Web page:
Failing to consider nuclear power is irresponsible
NUCLEAR power is the only proven generation technology offering solutions to all three sectors of the energy trilemma: security and reliability, affordability and environmental sustainability.
Despite this, Australia is the only G20 country with a federal ban on nuclear power.
In the lead up to the federal election, energy-climate policy has been the subject of public debate. The Labor and Liberal National parties have set their own emissions-reduction targets, predominantly relying on the deployment of large-scale renewable wind and solar-power generation projects. Absent from both party policies, however, is a technology-neutral discussion of the potential role of nuclear power.
The large-scale rollout of renewable power is a great thing. But when considering any substantial growth in the market share of renewable power within the National Energy Market (NEM), the favourable cost reductions and "green" aspects are arguably offset by the challenges and instability introduced when integrating such intermittent power sources.
The stability of Australia's energy grid and the intended positive effects of renewable energy adoptions are being critically undermined by premature and ill-thought through market shifts toward intermittent energy sources without first having addressed grid functionality issues.
No energy technology is issue-free, and it would be untruthful to say nuclear power is a perfect solution. There are genuine and real concerns about management of waste products and its storage in perpetuity. These concerns however, need be to be compared from a technology-neutral standpoint to assess the best long-term power generation options available.
France, a world leader in nuclear technology, has generated more than 70 per cent of its power requirements in the last five decades from nuclear sources.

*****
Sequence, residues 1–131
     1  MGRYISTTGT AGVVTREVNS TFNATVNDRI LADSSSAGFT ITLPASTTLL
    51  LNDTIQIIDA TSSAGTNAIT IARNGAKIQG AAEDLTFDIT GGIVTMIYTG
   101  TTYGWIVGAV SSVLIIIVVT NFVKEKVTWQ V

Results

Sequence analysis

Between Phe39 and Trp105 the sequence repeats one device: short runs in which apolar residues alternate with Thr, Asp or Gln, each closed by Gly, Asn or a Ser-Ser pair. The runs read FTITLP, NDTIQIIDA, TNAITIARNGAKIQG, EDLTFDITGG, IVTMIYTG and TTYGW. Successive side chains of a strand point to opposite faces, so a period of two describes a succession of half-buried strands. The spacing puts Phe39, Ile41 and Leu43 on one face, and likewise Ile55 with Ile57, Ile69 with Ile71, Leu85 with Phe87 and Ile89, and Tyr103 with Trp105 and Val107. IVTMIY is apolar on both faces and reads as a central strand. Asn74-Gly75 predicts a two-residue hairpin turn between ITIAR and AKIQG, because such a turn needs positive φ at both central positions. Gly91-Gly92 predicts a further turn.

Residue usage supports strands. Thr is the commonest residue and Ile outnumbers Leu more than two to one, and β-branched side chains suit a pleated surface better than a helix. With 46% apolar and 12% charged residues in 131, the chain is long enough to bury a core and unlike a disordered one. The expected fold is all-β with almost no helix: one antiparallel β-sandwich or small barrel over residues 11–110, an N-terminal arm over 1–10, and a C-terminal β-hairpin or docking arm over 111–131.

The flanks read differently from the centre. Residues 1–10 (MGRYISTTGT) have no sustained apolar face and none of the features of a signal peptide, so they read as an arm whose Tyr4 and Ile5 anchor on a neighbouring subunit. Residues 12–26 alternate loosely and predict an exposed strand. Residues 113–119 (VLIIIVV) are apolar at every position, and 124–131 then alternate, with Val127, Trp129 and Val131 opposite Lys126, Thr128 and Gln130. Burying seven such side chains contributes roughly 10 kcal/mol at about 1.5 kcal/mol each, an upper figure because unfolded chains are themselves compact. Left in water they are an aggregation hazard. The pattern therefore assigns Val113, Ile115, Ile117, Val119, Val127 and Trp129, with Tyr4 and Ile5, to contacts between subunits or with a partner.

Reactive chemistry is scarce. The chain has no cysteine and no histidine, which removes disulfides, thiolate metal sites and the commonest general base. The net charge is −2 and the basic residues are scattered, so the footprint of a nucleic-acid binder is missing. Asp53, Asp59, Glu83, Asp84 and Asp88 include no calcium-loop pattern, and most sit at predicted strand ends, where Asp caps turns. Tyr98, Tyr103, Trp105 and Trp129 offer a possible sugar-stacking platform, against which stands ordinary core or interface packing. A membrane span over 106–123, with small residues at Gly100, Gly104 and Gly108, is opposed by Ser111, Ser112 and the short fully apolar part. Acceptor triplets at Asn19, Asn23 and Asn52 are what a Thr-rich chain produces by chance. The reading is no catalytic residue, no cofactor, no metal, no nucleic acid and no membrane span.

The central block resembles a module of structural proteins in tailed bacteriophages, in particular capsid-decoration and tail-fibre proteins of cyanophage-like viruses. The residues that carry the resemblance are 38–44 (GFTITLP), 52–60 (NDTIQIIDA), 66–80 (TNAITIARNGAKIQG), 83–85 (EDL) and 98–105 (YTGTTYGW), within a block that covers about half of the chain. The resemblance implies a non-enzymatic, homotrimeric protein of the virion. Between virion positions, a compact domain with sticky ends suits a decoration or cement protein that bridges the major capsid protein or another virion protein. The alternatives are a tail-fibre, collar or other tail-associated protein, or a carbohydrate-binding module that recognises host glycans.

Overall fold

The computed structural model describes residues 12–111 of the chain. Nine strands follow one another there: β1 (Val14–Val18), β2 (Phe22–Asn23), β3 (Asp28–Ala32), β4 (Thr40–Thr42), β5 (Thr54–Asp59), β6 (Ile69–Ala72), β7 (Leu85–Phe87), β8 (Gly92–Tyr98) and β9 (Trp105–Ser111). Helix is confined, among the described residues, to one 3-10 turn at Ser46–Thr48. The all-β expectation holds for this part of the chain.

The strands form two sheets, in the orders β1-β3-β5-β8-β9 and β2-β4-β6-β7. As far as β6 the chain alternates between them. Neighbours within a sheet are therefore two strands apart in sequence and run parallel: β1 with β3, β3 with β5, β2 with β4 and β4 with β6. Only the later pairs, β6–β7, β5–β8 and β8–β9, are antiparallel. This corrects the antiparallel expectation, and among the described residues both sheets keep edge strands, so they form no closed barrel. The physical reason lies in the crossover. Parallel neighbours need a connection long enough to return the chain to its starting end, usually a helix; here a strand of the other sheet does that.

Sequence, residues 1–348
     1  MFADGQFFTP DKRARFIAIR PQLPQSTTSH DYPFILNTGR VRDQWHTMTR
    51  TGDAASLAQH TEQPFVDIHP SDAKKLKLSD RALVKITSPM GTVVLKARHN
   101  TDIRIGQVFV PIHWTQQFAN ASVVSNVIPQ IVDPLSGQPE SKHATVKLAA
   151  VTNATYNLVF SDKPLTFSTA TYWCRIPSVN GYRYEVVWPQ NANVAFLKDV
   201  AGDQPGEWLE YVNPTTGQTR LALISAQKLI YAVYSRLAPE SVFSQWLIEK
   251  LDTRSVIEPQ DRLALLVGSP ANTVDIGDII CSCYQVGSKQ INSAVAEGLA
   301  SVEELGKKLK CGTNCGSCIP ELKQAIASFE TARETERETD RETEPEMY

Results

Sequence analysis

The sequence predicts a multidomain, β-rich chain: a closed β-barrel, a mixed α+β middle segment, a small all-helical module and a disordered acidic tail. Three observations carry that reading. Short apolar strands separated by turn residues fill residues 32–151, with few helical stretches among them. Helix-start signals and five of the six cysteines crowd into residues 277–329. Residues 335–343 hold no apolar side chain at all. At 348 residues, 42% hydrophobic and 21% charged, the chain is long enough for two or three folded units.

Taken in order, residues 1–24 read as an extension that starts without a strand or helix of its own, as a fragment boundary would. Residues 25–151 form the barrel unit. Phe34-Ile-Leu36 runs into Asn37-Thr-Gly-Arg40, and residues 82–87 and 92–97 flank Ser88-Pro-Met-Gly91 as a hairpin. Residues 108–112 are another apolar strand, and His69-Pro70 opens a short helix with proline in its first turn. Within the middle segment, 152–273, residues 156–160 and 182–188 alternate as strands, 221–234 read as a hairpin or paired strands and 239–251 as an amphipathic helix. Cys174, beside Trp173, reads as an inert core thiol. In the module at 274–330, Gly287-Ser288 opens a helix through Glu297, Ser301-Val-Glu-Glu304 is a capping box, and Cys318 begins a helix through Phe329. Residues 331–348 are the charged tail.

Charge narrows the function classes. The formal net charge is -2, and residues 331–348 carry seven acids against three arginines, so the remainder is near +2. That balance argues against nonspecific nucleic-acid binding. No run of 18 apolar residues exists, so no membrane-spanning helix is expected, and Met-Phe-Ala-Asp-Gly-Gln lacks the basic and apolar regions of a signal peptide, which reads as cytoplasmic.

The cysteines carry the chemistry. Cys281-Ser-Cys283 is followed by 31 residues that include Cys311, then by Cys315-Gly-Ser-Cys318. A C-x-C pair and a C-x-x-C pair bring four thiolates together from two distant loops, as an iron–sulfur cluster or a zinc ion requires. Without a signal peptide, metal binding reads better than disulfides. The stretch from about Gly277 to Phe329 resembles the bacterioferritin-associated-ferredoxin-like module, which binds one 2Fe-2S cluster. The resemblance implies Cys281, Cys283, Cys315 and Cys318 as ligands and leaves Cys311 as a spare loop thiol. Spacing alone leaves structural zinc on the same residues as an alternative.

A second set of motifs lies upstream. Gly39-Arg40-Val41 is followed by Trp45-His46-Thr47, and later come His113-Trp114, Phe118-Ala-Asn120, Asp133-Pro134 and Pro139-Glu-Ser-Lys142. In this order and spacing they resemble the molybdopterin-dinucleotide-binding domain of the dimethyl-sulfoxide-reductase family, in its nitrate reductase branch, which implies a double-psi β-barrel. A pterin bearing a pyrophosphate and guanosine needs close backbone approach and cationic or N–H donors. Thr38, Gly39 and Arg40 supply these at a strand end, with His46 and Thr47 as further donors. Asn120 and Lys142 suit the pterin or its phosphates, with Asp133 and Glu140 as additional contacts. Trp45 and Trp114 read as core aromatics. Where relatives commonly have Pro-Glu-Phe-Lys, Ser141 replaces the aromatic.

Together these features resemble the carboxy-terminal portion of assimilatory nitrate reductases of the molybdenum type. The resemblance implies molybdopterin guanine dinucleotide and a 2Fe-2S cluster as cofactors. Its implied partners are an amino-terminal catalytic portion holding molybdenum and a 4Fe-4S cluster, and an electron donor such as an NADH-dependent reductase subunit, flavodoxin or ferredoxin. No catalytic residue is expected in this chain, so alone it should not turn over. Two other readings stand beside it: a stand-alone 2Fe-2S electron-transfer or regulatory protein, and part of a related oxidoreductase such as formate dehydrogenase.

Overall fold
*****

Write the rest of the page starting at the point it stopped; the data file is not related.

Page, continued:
The waste products generated total 44,300 cubic metres, of which the majority is low-to-medium level waste with short lifetimes, and 2300 cubic metres is high-level waste currently requiring indefinite storage.
Comparatively, there is currently no plan of what to do with massive quantities of solar panels at the end-of-life (currently landfilled), and we look the other way at billions of metric tons of invisible waste from coal and natural gas dumped into the atmosphere annually.
The waste is an issue, but the scale is significantly smaller. A report by the International Renewable Energy Agency on the end-of-life management for solar PV panels estimated that by the end of 2016, global PV waste streams would exceed 40,000 metric tonnes a year - a number that will skyrocket up to 6 million tonnes per annum by 2050.
One could argue the same cradle-to-grave accountability applied to the nuclear industry should be applied to all generation technologies.
Except for hydro and geothermal, which are geographically constrained, nuclear power is the only generation technology proven to provide stable baseload, low-carbon and reliable electricity. When considering baseload power, fossil-based systems are incapable of achieving the very low emissions of nuclear, and it far outperforms any solar and wind combined, with energy storage in all three of the energy trilemma: security and reliability, affordability, and environmental sustainability.
Nuclear power not only has the lowest greenhouse gas emissions of any energy generation source, it also has the lowest mortality rate per unit of energy supplied
The world has reaped the economic benefits of energy-dense fossil fuels for over a century, and now the environmental bailiffs are the door. It is inconceivable that in an effort to save the environment, we would knowingly fail to consider all options at our disposal.
Australia's current position on nuclear energy limits the sustainable energy pathways for the country. The act of not considering nuclear as an option against its counterparts is surely irresponsible.
Poorly informed choices on the NEM can lead to expensive mistakes that could hinder our prosperity as a nation for many years to come.
Brett Parkinson is a chemical engineer.